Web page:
Document Type

Journal Article

Publication Title

Emergency Medicine Australasia

Publisher

Wiley

School

School of Medical and Health Sciences / School of Science / School of Arts and Humanities

RAS ID

45493

Funders

Open access publishing facilitated by Edith Cowan University

Comments

Mills, B., Hill, M., Miles, A., Smith, E., Afrifa‐Yamoah, E., Reid, D., ... & Sim, M. (2022). Calling an ambulance for non‐emergency medical situations: Results of a cross‐sectional online survey from an Australian nationally representative sample. Emergency Medicine Australasia. Advance online publication. https://doi.org/10.1111/1742-6723.14086

Abstract

Objective

To investigate the Australian general public's perception of appropriate medical scenarios that warrants a call to an emergency ambulance.

Methods

An online survey asked participants to identify the likely medical treatment pathway they would take for 17 hypothetical medical scenarios. The number and type of non-emergency scenarios (n = 8) participants incorrectly suggested were appropriate to place a call for an emergency ambulance were calculated. Participants included Australian residents (aged >18 years) who had never worked as an Australian registered medical doctor, nurse or paramedic.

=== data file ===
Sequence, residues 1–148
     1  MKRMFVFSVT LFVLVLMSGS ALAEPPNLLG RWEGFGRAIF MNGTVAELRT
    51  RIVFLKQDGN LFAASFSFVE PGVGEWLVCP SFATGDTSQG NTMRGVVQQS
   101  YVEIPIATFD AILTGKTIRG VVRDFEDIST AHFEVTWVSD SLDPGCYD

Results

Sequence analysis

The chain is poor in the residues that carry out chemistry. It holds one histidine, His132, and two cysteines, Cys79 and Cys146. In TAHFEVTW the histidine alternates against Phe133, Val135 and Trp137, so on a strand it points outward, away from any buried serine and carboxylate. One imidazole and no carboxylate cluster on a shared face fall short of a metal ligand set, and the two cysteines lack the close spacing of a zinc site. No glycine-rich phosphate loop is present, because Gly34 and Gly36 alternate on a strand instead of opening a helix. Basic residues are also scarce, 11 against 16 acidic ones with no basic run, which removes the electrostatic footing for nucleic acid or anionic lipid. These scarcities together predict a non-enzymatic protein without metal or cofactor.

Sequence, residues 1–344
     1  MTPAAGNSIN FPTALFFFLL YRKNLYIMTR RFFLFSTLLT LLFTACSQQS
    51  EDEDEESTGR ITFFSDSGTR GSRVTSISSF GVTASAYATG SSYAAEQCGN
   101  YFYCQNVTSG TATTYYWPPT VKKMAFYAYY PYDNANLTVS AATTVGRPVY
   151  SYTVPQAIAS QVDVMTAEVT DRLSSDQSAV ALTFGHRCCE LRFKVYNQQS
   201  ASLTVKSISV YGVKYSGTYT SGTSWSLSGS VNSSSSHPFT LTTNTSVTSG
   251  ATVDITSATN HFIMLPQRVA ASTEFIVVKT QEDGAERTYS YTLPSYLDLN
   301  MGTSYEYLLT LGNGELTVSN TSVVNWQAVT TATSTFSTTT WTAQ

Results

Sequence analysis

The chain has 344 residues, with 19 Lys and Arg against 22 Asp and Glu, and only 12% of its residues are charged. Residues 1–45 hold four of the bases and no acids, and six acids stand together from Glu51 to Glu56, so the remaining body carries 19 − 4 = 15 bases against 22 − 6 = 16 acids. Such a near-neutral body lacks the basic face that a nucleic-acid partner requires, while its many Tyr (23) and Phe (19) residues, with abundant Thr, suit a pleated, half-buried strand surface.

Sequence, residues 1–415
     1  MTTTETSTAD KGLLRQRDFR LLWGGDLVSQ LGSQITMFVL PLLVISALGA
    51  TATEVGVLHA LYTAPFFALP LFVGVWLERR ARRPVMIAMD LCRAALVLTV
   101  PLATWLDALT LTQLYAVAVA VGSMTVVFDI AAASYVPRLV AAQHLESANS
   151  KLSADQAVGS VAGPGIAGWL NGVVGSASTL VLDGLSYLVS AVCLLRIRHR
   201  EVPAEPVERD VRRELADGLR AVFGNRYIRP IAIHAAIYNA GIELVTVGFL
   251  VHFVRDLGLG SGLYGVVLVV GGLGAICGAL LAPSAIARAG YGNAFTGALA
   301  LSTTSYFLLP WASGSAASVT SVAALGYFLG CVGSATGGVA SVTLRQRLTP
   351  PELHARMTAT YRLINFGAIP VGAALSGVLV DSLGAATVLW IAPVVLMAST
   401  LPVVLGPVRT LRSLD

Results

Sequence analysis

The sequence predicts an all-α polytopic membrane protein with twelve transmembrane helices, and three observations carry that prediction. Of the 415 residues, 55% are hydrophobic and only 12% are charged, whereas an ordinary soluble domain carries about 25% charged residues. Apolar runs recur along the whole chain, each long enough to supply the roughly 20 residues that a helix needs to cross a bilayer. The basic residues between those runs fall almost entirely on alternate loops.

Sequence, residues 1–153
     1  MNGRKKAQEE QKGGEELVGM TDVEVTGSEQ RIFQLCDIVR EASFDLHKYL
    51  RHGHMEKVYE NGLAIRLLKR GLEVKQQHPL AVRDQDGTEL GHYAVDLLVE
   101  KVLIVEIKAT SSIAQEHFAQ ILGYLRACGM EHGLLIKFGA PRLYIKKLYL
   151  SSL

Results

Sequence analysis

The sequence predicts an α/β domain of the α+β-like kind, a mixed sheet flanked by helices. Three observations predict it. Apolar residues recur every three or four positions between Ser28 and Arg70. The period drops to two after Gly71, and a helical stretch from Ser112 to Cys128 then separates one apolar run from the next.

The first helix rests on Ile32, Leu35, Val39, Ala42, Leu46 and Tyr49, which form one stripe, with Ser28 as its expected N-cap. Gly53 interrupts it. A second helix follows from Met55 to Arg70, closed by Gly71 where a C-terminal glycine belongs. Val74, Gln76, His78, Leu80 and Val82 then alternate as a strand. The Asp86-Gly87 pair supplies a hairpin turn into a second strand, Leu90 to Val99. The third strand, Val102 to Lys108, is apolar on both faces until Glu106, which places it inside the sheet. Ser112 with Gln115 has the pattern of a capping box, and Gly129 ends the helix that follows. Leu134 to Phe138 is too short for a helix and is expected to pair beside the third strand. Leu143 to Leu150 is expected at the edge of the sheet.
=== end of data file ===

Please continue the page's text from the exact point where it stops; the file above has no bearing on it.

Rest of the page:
Results

From a sample of 5264 participants, 40% suggested calling an emergency ambulance for a woman in routine labour was appropriate. Other medical scenarios which were most suggested by participants to warrant an emergency ambulance call was ‘Lego in ear canal’ (11%), ‘Older person bruising’ (8%) and ‘Flu’ (7%). Women, people aged 56+ years, those without a university qualification, with lower household income and with lower emotional wellbeing were more likely to suggest calling an emergency ambulance was appropriate for non-emergency scenarios.

Conclusions

Although emergency healthcare system (EHS) capacity not increasing at the same rate as demand is the biggest contributor to EHS burden, non-urgent medical situations for which other low-acuity healthcare pathways may be appropriate does play a small role in adding to the overburdening of the EHS. This present study outlines a series of complaints and demographic characteristics that would benefit from targeted educational interventions that may aid in alleviating ambulance service attendances to low-acuity callouts.

DOI

10.1111/1742-6723.14086

Creative Commons License

Creative Commons Attribution 4.0 License
This work is licensed under a Creative Commons Attribution 4.0 License.

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